America

Powerball Jackpot Winners Include 16 N.J. County Workers

Paul White of Ham Lake, Minn., and his partner Kim VanReese. White bought one of the three winning tickets in Wednesday's $448.4 million Powerball lottery. While one-third of the jackpot is about $149.4 million, he's chosen to take his share in a lump sum rather than spread out over many years. That lump sum is $86 million, which after taxes will be about $58 million. i i

hide captionPaul White of Ham Lake, Minn., and his partner Kim VanReese. White bought one of the three winning tickets in Wednesday's $448.4 million Powerball lottery. While one-third of the jackpot is about $149.4 million, he's chosen to take his share in a lump sum rather than spread out over many years. That lump sum is $86 million, which after taxes will be about $58 million.

Eric Miller /Reuters /Landov
Paul White of Ham Lake, Minn., and his partner Kim VanReese. White bought one of the three winning tickets in Wednesday's $448.4 million Powerball lottery. While one-third of the jackpot is about $149.4 million, he's chosen to take his share in a lump sum rather than spread out over many years. That lump sum is $86 million, which after taxes will be about $58 million.

Paul White of Ham Lake, Minn., and his partner Kim VanReese. White bought one of the three winning tickets in Wednesday's $448.4 million Powerball lottery. While one-third of the jackpot is about $149.4 million, he's chosen to take his share in a lump sum rather than spread out over many years. That lump sum is $86 million, which after taxes will be about $58 million.

Eric Miller /Reuters /Landov

One of the three tickets that ended up being winners of Wednesday's $448.4 million Powerball jackpot belongs to a group of 16 workers at the Ocean County Vehicle Maintenance Department in New Jersey, according to local news outlets. Their names haven't yet been released.

No one's yet come forward with the other winning ticket that happened to be sold in New Jersey.

But the owner of the third ticket, sold in Minnesota, has gone public. "I've been waiting for this day my entire life," 45-year-old project engineer Paul White of Ham Lake, Minn., said with a laugh on Thursday, according to Minneapolis' Star Tribune.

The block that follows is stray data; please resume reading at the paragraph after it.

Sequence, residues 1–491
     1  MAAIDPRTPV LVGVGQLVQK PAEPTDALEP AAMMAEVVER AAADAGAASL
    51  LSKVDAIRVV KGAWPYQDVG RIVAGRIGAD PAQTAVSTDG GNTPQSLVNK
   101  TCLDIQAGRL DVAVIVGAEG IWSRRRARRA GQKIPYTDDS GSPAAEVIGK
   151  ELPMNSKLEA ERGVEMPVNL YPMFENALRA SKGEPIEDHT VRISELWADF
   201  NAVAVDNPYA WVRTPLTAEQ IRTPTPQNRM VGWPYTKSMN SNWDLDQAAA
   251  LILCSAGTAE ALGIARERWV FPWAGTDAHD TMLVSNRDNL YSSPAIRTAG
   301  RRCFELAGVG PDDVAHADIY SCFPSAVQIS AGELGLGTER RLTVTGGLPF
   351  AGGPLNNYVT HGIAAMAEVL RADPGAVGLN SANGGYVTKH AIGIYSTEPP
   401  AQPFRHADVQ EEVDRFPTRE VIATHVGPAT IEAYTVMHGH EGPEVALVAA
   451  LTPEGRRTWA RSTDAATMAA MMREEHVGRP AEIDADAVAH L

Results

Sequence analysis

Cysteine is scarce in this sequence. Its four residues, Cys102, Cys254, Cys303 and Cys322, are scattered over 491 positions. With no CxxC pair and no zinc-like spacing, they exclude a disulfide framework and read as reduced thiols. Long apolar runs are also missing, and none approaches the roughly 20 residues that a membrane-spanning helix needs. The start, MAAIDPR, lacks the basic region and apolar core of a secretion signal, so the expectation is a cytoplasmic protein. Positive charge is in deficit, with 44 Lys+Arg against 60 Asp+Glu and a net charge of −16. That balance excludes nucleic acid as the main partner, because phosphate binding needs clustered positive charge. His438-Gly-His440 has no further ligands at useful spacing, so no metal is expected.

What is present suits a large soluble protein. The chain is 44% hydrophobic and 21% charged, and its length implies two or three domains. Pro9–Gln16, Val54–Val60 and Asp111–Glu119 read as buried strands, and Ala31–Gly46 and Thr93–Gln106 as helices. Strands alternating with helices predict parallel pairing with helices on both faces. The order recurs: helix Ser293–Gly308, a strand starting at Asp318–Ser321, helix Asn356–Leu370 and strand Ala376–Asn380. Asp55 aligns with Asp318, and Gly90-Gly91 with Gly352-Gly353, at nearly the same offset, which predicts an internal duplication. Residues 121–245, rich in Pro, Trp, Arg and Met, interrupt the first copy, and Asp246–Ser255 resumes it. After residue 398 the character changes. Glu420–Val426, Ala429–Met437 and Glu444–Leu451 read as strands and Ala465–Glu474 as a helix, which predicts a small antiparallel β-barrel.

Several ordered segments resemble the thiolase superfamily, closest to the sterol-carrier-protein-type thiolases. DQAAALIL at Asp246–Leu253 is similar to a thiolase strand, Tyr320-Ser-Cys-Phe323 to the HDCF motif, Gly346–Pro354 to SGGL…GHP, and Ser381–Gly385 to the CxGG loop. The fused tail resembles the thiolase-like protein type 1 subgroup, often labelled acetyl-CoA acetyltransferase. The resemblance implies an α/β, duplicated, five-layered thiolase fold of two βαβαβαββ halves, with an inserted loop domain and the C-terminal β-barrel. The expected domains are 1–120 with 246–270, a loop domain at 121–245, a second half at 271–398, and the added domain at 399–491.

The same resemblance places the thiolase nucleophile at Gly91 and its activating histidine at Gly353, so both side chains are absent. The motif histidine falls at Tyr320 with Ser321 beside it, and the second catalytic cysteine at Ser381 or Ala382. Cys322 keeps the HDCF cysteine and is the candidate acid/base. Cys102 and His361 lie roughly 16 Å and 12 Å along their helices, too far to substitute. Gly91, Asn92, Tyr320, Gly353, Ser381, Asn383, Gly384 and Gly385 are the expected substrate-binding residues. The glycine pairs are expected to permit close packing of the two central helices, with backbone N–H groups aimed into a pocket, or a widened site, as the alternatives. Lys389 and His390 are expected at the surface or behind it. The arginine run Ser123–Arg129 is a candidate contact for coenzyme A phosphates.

White, who spent $10 to buy five Powerball tickets, has decided how he wants to receive his share. He "opted for the immediate cash payout of $86 million," the Star Tribune says. "After taxes, his total will come to about $58.3 million."

White has some ideas about what he will do with the windfall, the newspaper writes:

"He plans to use his millions to fund his kids' college tuition and a few good causes — plus a couple of cars. He's been eyeing a 1990s Acura NSX on Craigslist for $30,000. Then there's a 1963 Chevrolet Impala, the first car his father ever bought. His dad, now 80, still has a framed photo of it. 'I'm going to find that car,' White said — and give it to his dad."

As for the big group in New Jersey, let's hope they don't run into some of the problems that other such workplace pools have in the past:

Chipping In To Your Office Lottery Pool? Read This First

'I'm Not Upset' Says Guy Who Didn't Kick In For $319M Lottery Ticket

Comments

 

Please keep your community civil. All comments must follow the NPR.org Community rules and terms of use, and will be moderated prior to posting. NPR reserves the right to use the comments we receive, in whole or in part, and to use the commenter's name and location, in any medium. See also the Terms of Use, Privacy Policy and Community FAQ.

Support comes from: